That’s not entirely true. Plants require a specific amount of water at certain times. Some need water every week. Others need it every three weeks.

You want to identify your plant’s water needs and adjust your care routine accordingly, or you’ll over/underwater it.

Overwatering your plant prompts root rot. The roots will be too dead to absorb or transfer water to the leaves, stunting their growth.

The same thing happens when you underwater your bush beans. You can’t expect a plant to grow without sufficient water, can you?

4- Pest Infestations

I’m sure you already know how troublesome pests are, whether it’s aphids, two-spotted spider mites, or Mexican bean beetles.

Aphids and spider mites can suck the sap in bush beans’ leaves, causing them to lose their vitality and slowing their growth. Mexican bean beetles feed on the plant’s leaves, hindering its development.

5- Diseases

You know how you stop functioning like normal humans when you get a cold? The same thing can happen to a plant when it experiences fungal or bacterial infections.

Bacterial Infections

You’ve probably already heard of bacterial blight. It’s a bacterial infection that can prevent the production of chlorophyll.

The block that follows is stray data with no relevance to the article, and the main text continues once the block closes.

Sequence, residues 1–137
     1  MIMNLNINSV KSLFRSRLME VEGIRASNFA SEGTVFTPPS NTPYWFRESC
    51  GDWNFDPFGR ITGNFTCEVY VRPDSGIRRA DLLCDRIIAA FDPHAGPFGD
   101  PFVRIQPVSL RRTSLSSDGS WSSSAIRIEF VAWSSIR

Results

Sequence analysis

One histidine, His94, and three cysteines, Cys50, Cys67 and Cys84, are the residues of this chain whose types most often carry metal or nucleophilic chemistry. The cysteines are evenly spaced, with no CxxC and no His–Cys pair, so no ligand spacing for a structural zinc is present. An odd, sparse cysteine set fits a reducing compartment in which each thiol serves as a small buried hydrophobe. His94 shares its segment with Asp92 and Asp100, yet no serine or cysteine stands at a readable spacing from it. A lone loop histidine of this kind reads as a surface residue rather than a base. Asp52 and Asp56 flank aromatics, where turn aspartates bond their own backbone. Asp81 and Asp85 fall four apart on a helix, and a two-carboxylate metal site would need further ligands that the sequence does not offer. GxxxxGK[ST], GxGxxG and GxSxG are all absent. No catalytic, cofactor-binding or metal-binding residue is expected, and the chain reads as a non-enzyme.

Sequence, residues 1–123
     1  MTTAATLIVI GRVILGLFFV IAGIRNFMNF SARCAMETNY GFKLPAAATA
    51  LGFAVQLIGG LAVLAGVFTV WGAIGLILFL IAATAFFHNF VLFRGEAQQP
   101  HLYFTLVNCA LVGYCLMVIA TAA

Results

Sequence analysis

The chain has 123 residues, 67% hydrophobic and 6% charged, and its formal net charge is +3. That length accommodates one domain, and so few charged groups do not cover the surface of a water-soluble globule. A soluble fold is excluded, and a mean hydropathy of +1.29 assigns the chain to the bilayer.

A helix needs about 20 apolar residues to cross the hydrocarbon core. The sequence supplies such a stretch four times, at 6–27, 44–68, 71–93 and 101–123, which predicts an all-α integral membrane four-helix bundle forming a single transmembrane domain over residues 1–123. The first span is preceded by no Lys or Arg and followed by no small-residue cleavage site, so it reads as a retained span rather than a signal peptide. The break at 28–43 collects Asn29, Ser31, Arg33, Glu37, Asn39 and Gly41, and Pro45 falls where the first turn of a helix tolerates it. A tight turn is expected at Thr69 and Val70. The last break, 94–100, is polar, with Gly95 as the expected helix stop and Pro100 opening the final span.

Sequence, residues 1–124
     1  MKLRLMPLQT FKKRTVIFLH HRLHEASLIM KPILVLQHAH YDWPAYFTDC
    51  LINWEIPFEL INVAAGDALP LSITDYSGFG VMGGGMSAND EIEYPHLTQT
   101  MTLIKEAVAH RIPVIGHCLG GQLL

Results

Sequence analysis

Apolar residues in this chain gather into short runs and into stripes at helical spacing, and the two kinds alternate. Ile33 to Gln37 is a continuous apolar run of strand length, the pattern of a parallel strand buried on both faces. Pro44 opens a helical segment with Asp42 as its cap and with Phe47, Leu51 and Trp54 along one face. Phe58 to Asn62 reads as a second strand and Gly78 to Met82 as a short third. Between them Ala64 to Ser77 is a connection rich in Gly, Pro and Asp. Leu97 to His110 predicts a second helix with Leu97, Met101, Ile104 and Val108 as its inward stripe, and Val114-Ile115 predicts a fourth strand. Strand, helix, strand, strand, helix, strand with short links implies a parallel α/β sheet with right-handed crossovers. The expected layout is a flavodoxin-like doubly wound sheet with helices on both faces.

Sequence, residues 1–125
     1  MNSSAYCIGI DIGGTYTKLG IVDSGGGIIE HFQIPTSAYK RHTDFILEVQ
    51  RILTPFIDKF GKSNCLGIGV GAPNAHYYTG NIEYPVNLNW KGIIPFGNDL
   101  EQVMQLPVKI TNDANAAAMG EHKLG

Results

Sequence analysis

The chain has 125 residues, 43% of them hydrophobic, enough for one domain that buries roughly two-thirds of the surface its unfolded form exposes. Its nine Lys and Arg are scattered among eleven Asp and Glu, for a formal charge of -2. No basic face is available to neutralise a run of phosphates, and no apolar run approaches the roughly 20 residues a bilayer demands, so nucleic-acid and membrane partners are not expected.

Without chlorophyll, your bush beans won’t be able to carry out photosynthesis. So it won’t receive the necessary energy and nutrients to grow.

Fungal Infections

The most common fungal infection bush beans face is powdery mildew. It prompts the growth of fungal patches on the leaves of your plant.

Unfortunately, these patches prevent the leaves from absorbing sunlight, inhibiting photosynthesis and stunting the plant’s growth.

6- Overcrowding the Soil

You want to grow as many crops as possible, so you plant too many bush beans next to each other. It’s not a big deal, right? It is.

When too many bush beans grow next to each other, they steal water and nutrients from each other. As a result, some of them won’t grow properly or at all.

How to Restimulate Your Bush Beans’ Growth?

I assume you want to know the factors that stunt your bush beans’ growth so you can restimulate their development. Here’s what you can do.

1- Use Proper Soil

Ideally, you want to use well-draining soil that strikes the perfect balance between moisture retention and water drainage.

Avoid alkaline soil. Bush beans prefer a slightly acidic-neutral environment. You want to use soil with pH levels ranging between 6-7.